Jeanette Morelan
Jeanette Morelan
South Africa 2015
My name is Jeanette! I am a junior Social Entrepreneurship/Mass Communications major at Belmont University in Nashville. Since I was little, I was always surrounded by people who supported and encouraged my dreams. Read More About Jeanette →

Week One.

I tighten the straps of my backpack and take a deep breath. My eyes dart back and forth amid the sea of faces as the cacophony of a hundred different voices fill my ears. It’s all I can do to pay attention to where I am headed on this sunny day in September, my very first day of school. I am five years old and ready to begin the biggest adventure of my life.

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Fifteen years later, I was again filled with the same familiar mix of emotions as I stepped onto the grounds of Ensomnawe Primary School last week. Riding the wave of nerves and energy, this time I stepped into the classroom, not as a student, but a teacher. Although I had tutored throughout my life, this was the first time that I had really been given the responsibility of helping someone to see the world differently, the same way that my teachers have done through grade school and college. Knowing that I had the power to shape someone’s life through my work at this school was both exhilarating and terrifying.

One of the first lessons that I was taught at teacher is that it is a lot harder than I thought. We take so much knowledge for granted—you are probably reading the words on this page without even thinking about the fact that you can easily do so. But to teach someone the concepts of math or grammar—to show people why things are the way they are—that is really difficult.

Although the South African government spends about 20% of it’s annual GDP on education, there are still so many areas in which it is lacking. For example, there is often one teacher assigned to three or four classes of more than 30 children. Because of this, most of the day is spent without the care or supervision of a teacher. In addition, a lot of the learning process is based on just memorization rather than understanding, so children will go through the whole system knowing their multiplication tables or part of a book but not actually knowing how to multiply or read. A big part of our work is going back over things that might have been learned a few years ago, taking it apart, and relearning it.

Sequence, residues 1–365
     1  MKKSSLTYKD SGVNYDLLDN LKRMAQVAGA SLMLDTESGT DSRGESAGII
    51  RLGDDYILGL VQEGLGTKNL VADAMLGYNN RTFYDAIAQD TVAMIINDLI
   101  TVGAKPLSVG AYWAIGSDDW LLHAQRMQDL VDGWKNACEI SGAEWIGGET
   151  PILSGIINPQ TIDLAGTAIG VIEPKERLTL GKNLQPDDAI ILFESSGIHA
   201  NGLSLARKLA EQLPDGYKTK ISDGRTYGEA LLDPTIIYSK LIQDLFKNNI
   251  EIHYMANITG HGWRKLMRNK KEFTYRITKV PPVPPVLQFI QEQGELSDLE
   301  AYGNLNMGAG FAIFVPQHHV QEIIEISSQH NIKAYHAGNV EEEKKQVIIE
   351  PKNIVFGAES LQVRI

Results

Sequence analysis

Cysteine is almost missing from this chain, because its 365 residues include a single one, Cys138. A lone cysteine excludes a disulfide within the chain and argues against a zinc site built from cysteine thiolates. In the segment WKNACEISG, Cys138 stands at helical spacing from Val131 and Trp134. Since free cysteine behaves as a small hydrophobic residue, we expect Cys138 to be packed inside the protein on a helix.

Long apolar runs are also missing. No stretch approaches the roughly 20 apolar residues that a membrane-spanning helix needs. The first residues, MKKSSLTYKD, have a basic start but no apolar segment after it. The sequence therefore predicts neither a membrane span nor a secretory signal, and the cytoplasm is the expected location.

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Although there is a lot of work to be done, the kids are absolutely wonderful. Every day they greet me with so much joy and always will write me notes a little along the lines of “I love you so so so much I will love you always thank you for being so great love you like a mom love thank you beautiful.” 

Coaching has also been pretty amazing. Even though I know little to nothing about soccer, I’ve been working with my friends Chris and Jess and had a great time visiting different schools and playing games with them. It’s a nice break from a day of classes and, even though I’m awful, a great way to be out for some plain old fun.


All in all, I am absolutely loving being where I am, doing what I’m doing, with who I’m with. I’m excited to continue to do bigger and better things here in Port Elizabeth and to be transformed by the process.



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